Credit curves are usually upwards sloping; as you’d expect, investors require more of a credit risk term premium for lending for a long time than for a short time, all else being equal. As the charts below show however, the steepness of USD IG non-financial credit curves has become rather extreme in 2014. At year end, the asset swap (ASW) spread differential between c. 25 years and c. 2 years weighted average life (WAL), a simple measure for curve steepness, had risen to 129 bps, which is within the top quartile of monthly readings over the past decade. In contrast, the EUR IG credit curve steepness has not followed a clear trajectory in 2014, bouncing back and force between values in the high-50s to mid-60s bps range (c. 14 years into c. 2 years WAL).
So what has been driving the steepening of the USD IG credit spread curve? We first took a look at liquidity levels of USD IG non-financial corporate bonds, using TRACE (Trade Reporting and Compliance Engine) market flow data as a proxy. As shown in the charts below, the ratio of short-dated to long-dated bond trade volumes has ticked up in the course of last year. The steepening of the credit curve might therefore be partially explained by investors calling for an increasing spread differential between long- and short-dated bonds as reimbursement for the relative liquidity decrease at the long end compared to the short end. Liquidity considerations cannot be the only relevant factor, of course. From August to October, for example, credit curve steepness and trade volume ratio moved in opposite directions. Also, our trade volume based liquidity measure does not take into account whether bond buying or selling dominates. Therefore, higher liquidity levels do not necessarily translate into lower credit spreads, and vice versa.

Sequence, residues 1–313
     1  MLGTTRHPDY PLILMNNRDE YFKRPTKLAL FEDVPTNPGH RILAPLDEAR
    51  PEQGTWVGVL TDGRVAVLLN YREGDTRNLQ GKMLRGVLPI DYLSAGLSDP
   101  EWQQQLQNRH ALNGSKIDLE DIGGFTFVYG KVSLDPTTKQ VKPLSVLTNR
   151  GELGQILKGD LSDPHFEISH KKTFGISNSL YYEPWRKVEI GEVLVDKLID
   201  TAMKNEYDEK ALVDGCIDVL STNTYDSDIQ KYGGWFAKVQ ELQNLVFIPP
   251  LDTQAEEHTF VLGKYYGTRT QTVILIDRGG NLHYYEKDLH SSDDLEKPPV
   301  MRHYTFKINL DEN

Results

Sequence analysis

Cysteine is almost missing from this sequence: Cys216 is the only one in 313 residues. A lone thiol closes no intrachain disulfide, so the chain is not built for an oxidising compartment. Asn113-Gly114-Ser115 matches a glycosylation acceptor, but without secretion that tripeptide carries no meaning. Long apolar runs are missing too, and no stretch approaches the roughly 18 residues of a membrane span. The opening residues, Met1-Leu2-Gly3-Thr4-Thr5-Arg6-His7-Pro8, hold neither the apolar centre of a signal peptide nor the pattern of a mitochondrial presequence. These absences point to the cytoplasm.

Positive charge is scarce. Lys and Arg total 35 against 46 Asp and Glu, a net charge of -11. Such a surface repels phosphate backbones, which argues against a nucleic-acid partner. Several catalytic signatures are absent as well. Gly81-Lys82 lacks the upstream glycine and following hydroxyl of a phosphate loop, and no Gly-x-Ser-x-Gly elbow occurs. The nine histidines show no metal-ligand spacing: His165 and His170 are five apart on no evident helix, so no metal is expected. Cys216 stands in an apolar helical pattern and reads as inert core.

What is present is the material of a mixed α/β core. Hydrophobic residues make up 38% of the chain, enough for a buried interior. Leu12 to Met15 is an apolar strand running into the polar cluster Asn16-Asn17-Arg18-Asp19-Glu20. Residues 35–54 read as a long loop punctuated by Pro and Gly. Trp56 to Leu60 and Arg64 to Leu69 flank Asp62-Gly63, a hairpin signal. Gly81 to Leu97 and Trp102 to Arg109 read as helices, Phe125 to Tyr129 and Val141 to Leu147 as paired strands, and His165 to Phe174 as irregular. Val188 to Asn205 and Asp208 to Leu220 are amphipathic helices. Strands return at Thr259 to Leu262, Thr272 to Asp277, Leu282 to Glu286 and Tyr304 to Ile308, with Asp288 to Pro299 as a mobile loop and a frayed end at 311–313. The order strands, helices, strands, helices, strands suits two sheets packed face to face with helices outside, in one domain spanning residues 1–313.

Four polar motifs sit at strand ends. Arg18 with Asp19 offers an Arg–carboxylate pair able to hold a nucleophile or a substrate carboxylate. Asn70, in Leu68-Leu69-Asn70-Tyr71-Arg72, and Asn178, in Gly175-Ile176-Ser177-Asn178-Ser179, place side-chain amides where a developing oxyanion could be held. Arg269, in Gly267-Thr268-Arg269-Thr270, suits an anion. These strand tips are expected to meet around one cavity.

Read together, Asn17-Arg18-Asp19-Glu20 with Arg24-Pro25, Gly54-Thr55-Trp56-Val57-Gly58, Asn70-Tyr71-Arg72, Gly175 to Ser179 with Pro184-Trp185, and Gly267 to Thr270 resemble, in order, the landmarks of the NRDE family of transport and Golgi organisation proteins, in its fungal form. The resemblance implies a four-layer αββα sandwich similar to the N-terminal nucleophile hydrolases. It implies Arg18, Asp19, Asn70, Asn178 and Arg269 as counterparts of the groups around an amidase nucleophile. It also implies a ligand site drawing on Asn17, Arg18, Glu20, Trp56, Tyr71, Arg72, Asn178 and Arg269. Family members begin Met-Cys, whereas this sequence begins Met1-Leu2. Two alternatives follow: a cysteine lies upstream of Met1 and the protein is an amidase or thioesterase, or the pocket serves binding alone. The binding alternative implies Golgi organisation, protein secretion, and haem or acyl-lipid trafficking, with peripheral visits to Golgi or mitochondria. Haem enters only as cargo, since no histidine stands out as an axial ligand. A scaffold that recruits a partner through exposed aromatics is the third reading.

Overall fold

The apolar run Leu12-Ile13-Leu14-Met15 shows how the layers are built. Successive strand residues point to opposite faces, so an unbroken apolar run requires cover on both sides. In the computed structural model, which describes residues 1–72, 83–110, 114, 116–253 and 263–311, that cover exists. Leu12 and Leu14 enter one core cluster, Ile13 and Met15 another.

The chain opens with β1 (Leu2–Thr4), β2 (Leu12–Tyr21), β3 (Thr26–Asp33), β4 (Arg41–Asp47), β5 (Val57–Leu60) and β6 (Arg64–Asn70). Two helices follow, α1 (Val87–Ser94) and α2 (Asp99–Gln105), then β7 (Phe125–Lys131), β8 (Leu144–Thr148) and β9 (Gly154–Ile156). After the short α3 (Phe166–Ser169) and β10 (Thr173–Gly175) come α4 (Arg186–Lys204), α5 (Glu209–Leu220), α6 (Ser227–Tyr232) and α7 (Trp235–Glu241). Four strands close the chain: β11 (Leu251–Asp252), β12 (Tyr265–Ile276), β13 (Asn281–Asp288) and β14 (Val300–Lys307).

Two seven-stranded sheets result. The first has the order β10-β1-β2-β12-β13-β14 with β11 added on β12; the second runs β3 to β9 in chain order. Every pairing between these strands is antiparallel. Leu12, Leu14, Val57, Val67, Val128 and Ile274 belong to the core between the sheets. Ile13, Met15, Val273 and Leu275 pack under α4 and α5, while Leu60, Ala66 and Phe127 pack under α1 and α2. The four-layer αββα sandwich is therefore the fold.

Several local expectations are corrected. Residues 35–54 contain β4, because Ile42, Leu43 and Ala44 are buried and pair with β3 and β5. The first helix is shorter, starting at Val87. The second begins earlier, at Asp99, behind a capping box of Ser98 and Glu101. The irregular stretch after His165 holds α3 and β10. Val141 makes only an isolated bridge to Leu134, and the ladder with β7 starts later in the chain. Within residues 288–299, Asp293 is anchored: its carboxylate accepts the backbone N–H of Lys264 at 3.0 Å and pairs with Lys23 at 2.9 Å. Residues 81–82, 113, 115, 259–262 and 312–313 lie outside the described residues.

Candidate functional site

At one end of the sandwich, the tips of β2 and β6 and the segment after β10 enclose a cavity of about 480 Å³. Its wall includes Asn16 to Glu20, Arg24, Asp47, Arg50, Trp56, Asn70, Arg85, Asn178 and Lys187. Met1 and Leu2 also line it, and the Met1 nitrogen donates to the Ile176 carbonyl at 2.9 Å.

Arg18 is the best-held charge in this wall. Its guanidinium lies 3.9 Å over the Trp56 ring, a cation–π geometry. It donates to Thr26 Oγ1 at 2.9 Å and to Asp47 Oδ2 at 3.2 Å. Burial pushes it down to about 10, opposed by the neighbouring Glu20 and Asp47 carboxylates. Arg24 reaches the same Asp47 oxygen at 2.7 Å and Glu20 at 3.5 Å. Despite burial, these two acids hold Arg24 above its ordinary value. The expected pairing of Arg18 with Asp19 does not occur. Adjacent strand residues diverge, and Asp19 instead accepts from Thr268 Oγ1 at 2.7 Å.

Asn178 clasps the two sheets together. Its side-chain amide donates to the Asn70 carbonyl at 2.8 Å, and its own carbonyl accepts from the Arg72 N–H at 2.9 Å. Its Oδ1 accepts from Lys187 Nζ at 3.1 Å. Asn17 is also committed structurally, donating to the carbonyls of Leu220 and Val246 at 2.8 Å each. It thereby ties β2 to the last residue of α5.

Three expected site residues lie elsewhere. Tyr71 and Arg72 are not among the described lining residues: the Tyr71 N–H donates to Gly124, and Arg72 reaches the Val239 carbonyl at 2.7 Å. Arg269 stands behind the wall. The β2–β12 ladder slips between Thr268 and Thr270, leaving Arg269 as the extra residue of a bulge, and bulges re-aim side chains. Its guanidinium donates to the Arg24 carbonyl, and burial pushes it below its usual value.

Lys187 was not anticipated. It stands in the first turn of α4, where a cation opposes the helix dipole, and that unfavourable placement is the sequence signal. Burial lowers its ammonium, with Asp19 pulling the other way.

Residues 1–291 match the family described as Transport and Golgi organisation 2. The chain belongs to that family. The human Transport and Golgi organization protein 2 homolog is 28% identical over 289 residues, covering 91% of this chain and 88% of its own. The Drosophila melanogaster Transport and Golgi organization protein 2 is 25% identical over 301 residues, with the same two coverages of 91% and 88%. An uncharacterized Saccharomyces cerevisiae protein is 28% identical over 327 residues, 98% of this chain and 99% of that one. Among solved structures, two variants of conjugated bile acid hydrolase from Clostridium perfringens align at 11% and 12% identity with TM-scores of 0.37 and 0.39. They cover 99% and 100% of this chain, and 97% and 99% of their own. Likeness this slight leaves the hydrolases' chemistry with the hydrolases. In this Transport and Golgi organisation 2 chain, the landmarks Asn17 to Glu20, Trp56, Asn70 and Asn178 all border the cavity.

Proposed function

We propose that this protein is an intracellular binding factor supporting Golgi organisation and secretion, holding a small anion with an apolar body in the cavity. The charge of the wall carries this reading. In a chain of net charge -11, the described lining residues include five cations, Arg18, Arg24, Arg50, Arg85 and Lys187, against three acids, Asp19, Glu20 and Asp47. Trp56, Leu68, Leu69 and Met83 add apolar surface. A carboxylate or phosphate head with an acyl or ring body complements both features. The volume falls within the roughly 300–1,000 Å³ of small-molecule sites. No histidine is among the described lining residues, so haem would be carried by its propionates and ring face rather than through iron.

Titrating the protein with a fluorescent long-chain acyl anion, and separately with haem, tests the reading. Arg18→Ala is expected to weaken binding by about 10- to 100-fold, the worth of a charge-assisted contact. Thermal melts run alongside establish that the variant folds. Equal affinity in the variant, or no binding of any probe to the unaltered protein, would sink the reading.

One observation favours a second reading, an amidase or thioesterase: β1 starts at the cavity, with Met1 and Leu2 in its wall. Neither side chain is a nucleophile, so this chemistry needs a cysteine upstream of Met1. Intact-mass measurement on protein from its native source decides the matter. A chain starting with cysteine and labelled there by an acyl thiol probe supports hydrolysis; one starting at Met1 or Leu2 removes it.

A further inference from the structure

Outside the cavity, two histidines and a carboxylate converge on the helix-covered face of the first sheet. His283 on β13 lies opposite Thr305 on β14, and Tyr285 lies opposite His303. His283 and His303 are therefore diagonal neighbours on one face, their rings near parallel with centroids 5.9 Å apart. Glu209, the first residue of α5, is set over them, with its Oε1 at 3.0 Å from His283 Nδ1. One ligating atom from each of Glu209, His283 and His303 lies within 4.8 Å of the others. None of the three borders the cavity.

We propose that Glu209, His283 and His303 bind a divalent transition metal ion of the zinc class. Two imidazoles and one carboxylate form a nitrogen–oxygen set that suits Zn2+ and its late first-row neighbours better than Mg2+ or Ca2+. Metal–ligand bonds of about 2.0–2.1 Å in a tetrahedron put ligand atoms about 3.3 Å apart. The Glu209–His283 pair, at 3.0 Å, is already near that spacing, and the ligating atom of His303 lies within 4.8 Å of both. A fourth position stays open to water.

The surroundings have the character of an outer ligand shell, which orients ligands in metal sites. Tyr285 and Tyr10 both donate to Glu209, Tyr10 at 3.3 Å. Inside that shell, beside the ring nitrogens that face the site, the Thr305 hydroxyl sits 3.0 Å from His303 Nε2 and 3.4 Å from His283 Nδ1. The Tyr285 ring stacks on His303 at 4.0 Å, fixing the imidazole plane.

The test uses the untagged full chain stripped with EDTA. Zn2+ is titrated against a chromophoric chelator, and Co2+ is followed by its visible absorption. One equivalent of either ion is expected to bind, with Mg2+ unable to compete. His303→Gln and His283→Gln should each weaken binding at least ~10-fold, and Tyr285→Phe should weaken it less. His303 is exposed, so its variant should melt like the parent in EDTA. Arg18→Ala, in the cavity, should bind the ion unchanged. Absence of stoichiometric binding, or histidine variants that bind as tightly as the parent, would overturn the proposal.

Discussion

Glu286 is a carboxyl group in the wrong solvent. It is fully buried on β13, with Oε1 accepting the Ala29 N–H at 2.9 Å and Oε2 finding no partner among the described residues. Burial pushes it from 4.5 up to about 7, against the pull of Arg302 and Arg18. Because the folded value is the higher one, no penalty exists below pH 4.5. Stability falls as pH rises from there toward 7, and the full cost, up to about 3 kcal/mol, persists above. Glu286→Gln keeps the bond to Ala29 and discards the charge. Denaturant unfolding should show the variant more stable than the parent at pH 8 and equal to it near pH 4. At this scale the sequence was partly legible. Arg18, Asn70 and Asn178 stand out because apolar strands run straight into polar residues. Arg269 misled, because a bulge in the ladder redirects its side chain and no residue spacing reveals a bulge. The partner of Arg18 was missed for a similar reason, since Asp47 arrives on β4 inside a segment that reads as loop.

It is quite possible that in fact the focus on yield of USD credit investors has been the major reason for the steepening of the credit spread curve. The chart below shows the evolution of credit curve steepness and, on an inverted vertical axis, U.S. Treasury (UST) yield curve steepness (difference between 30 year and 2 year generic UST yields) over the past 5 years. The curves show a remarkably strong negative correlation (-0.7), i.e., a flattening of the yield curve usually coincides with a steepening of the credit curve, and vice versa. Hence, the steepening of the USD IG credit curve throughout the past year might have actually been driven to a large extent by yield investors demanding a higher and higher spread premium for long-dated credit exposure to get compensated for the lower and lower UST yield pick-up, which has dropped from nearly 330 bps in January 2014 to c. 210 bps at year end.
Corporate bond investors have to take the inverse relationship between credit curve and UST yield steepness into account. On the one hand, they can pick up an extra credit spread of c. 130 bps at the long end. But on the other hand, the extra yield on 30 year vs. 2 year Treasuries has shrunk considerably. Currently, the differential amounts to only around 195 bps, the lowest steepness reading since January 2009. However, if investors are able to take pure credit risk exposure, for instance using a UST futures overlay, long-dated USD IG credit does look rather appealing at the moment. The question is, whether the steepening of the credit spread curve is likely to continue or not. If the shape of the UST yield curve is indeed the dominant factor, then a lot will depend on how the yield curve reacts to possible (and widely anticipated) rate hikes by the Federal Reserve in 2015. Unsurprisingly, rate hikes in the past have usually been accompanied by a flattening of the UST yield curve. So there is a chance that the credit spread curve continues to steepen against this backdrop. However, as UST yield curve steepness has already fallen by c. 120 bps in 2014 (and another c. 15 bps in January 2015), arguably the effects of gentle rate hikes in 2015 have already been priced in to a large extent by now.